We have the power after all. No government can function if all the citizens withdraw their financial support from that government.

    Something, perhaps, to chew over as you prepare for the travesty of Clause 26 and 27 to pass before you.

  14. Alex
    14/02/2010 at 12:13 am

    I am 19 and currently studying at the Open Uni. I have never done GCSE’s or A Levels and have no intention of doing them.

    I am very concerned about these proposals so feel fortunate that I am old enough for them not to affect me, if they are implemented. I would have felt very uneasy about a stranger coming into my home to interview me and not because I have any difficulty dealing with a stranger.

    To me, an interview would have felt like an assessment of my intelligence and a test of how well my parents were teaching me. Plus, I attended school for one summer term at the age of 10 and while I did not hate it and I managed to do quite well, I spent most of the time very bored. It seemed like every time I was finding a task interesting, the lesson would end and I would have to stop. And there was no time for learning anything that wasn’t strictly necessary because the SAT’s were just weeks away. If I thought that one wrong answer could leave me being forced to attend school when I had no desire to go, I would not be able to do one of these interviews. The same will hold true for many children.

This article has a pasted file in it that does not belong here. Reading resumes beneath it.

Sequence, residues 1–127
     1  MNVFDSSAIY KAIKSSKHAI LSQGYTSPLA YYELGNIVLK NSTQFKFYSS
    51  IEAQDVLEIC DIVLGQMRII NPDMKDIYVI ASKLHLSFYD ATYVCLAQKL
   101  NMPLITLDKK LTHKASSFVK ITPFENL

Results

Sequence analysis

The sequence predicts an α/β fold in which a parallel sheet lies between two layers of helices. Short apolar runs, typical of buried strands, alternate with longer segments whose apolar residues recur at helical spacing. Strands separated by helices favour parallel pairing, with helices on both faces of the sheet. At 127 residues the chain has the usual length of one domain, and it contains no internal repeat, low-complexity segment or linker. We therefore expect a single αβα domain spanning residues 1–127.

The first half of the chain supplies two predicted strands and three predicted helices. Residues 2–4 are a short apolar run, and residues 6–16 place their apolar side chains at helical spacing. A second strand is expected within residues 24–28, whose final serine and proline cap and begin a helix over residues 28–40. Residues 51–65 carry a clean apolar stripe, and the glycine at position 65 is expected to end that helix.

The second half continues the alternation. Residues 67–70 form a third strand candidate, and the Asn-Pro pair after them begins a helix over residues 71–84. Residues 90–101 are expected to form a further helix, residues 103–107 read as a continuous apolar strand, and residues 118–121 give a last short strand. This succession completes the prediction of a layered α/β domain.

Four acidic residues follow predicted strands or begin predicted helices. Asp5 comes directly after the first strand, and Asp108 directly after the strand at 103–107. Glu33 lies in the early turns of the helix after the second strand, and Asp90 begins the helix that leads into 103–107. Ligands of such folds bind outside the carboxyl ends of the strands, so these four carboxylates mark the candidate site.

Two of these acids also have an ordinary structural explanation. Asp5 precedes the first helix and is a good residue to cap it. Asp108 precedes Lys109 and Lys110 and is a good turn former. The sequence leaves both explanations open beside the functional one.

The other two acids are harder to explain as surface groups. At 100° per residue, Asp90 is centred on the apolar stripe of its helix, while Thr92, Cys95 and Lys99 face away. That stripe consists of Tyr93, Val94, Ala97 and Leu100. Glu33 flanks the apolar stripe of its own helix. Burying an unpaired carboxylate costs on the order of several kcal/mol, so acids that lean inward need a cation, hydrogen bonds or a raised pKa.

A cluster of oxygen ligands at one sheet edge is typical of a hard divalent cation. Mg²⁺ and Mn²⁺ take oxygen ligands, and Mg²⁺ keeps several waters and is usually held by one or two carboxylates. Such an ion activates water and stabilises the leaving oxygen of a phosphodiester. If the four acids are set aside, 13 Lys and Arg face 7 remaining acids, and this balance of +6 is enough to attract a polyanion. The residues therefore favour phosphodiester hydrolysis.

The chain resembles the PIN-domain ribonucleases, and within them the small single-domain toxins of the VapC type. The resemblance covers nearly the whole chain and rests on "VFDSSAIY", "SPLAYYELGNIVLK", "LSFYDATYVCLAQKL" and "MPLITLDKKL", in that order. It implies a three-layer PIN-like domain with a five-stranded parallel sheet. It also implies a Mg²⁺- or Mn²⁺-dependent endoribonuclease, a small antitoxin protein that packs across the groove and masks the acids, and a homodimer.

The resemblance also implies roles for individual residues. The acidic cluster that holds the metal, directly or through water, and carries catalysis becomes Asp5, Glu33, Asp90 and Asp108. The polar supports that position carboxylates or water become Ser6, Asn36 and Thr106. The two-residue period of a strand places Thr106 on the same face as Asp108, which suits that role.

15. Carl.H
    14/02/2010 at 1:28 pm

    I find myself deeply concerned about this bill and it`s implications. It in no way concerns my personal circumstances as my children are in state education. I do though have vast experience of 27 years of dealing with state schools from a parents perspective.

    My concern is the welfare of the at present EHE children. If this Bill goes through, as I understand it, a lot of these children will end up back in state education. Some parents maybe able to cope with the new regime being presented and some will stay EHE. Some parents, being protective, will either hide, move or do whatever it takes including prison if that occurs- No more than most would do to protect their child.

    As some of you will know I am in IT, I run a very small company repairing home computers. Most of those are accessed by teenage kids so I am aware of what occurs online and at school with a lot of kids.I also oversee all data across my network from my three teenage kids in the house. It is not pretty. Bullying and violence is prevelent in our state schools, it frequently spills over to home via the internet. I have personally had to get involved more times than I care to mention. Peer pressure is far worse than I remember at their ages and gangs are rife.